Subsecond Dopamine Release in the Nucleus Accumbens Predicts Conditioned Punishment and Its Successful Avoidance

Department of Anatomy and Neurobiology, University of Maryland School of Medicine, Baltimore, Maryland 21201.
The Journal of Neuroscience : The Official Journal of the Society for Neuroscience (Impact Factor: 6.34). 10/2012; 32(42):14804-8. DOI: 10.1523/JNEUROSCI.3087-12.2012
Source: PubMed


The mesolimbic dopamine system is believed to be a pathway that processes rewarding information. While previous studies have also implicated a general role for dopamine in punishment and its avoidance, the precise nature of subsecond dopamine release during these phenomena remains unknown. Here, we used fast-scan cyclic voltammetry to investigate whether subsecond dopamine release events in the nucleus accumbens encode cues predicting the avoidance of punishment during behavior maintained in a signaled footshock avoidance procedure. In this task, rats could initiate an avoidance response by pressing a lever within a warning period, preventing footshock. Alternatively, once footshocks commenced, animals could initiate an escape response by pressing the lever, terminating footshock. This design allowed us to assess subsecond dopamine release events during the presentation of a warning signal, safety periods, and two distinct behavioral responses. We found that release consistently increased upon presentation of the warning signal in a manner that reliably predicted successful punishment avoidance. We also observed subsecond dopamine release during the safety period, as occurs following the receipt of reward. Conversely, we observed a decrease in release at the warning signal during escape responses. Because of this finding, we next assessed dopamine release in a conditioned fear model. As seen during escape responses, we observed a time-locked decrease in dopamine release upon presentation of a cue conditioned to inescapable footshock. Together, these data show that subsecond fluctuations in mesolimbic dopamine release predict when rats will successfully avoid punishment and differentially encode cues related to aversive outcomes.

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    • "Indeed, enhanced phasic DA transmission is reliably observed following unexpected reward delivery or, after conditioning, in response to cues that predict reward (40, 55, 57, 59, 62–64). Further, in congruence with electrophysiological data, reward omission or administration of an aversive stimulus results in decreased extracellular DA within the ventral striatum (65–67). "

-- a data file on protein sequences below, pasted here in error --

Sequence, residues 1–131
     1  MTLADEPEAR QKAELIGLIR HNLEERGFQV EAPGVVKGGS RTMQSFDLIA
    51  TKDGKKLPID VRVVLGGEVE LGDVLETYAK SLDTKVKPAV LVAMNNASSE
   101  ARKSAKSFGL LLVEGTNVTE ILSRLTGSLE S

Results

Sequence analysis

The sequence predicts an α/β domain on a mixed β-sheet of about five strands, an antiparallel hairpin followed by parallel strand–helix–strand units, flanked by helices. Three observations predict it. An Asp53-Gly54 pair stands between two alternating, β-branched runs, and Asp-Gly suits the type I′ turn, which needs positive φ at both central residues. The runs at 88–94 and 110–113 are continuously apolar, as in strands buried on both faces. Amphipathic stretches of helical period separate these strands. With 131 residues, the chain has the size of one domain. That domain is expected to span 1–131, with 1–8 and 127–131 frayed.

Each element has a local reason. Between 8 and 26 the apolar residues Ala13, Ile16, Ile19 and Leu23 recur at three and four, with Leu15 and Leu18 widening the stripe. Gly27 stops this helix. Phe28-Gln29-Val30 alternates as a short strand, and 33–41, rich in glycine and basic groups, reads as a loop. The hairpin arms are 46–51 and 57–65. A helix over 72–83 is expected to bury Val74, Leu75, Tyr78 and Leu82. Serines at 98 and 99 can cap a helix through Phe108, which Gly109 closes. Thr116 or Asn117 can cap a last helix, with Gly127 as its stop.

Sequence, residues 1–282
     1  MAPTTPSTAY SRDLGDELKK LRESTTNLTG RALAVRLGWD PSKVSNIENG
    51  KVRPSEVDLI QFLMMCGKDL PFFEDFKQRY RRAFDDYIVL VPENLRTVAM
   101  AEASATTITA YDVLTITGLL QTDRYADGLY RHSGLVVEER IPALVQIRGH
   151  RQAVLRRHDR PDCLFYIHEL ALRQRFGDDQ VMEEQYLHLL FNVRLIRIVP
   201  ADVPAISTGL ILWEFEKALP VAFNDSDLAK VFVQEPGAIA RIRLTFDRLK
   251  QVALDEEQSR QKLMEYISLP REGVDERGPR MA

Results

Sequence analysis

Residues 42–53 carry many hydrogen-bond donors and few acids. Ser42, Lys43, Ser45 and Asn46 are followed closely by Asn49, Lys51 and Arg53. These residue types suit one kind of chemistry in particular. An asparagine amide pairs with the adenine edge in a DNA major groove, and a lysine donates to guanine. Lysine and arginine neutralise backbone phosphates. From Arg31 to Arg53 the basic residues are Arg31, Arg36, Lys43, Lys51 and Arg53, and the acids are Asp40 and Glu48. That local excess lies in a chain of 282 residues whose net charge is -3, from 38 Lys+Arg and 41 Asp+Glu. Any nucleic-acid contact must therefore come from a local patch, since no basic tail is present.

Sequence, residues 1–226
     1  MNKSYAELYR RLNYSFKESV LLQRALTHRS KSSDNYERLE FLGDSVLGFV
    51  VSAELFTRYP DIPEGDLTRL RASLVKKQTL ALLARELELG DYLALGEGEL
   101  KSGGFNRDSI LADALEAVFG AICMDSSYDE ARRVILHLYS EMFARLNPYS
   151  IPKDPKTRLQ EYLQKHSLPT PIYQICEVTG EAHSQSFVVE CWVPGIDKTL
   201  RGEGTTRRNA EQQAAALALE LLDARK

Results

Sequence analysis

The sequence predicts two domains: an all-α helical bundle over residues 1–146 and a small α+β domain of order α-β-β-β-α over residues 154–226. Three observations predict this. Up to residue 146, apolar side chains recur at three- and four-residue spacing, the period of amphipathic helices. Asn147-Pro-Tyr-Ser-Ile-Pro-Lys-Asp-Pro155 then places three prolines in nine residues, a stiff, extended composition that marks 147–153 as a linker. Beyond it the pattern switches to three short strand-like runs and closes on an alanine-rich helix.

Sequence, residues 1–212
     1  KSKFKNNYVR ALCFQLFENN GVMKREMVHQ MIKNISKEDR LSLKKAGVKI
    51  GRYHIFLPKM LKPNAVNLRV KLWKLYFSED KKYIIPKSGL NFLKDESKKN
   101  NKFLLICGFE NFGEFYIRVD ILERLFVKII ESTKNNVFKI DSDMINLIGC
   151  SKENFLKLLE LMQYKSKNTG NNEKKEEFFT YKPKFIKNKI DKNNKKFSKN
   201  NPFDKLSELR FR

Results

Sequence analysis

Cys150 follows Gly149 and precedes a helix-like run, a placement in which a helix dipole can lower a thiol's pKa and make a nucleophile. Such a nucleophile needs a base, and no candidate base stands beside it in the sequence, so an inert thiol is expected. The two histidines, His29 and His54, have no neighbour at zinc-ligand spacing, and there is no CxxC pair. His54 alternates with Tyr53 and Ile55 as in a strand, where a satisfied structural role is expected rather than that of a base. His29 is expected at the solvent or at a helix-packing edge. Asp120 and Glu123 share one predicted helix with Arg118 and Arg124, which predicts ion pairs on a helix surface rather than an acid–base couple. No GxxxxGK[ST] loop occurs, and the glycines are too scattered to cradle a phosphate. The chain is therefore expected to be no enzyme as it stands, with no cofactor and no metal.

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    • "DA was released at the time of the avoided shock and during cue presentation of successful avoidance trials. Thus, as with appetitive paradigms, DA signals adhere to the general rule of firing more or less strongly for cues and outcomes that are better or worse than expected, respectively (Oleson et al., 2012). Importantly, this signal is dependent on input from OFC (Takahashi et al., 2011). "
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    Frontiers in Systems Neuroscience 03/2014; 8:24. DOI:10.3389/fnsys.2014.00024
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    • "Over training with reward experience, this DA activation will occur not only in response to the salient primary stimuli per se, but will also occur in response to previously neutral cues in the environment that the animal has associated with these motivationally relevant outcomes (Schultz, 2013). As a consequence of DA activity, DA in the NAc induces a motivational drive, and this DA signal is modulated by past experience of reward and punishment (Oleson et al., 2012; Howe et al., 2013). In this way, mesolimbic DA has been conceptualized as a teaching signal, coding the magnitude of aversive and rewarding environmental stimuli and increasing behavioral vigor related to these salient stimuli (Peciña and Berridge, 2013). "
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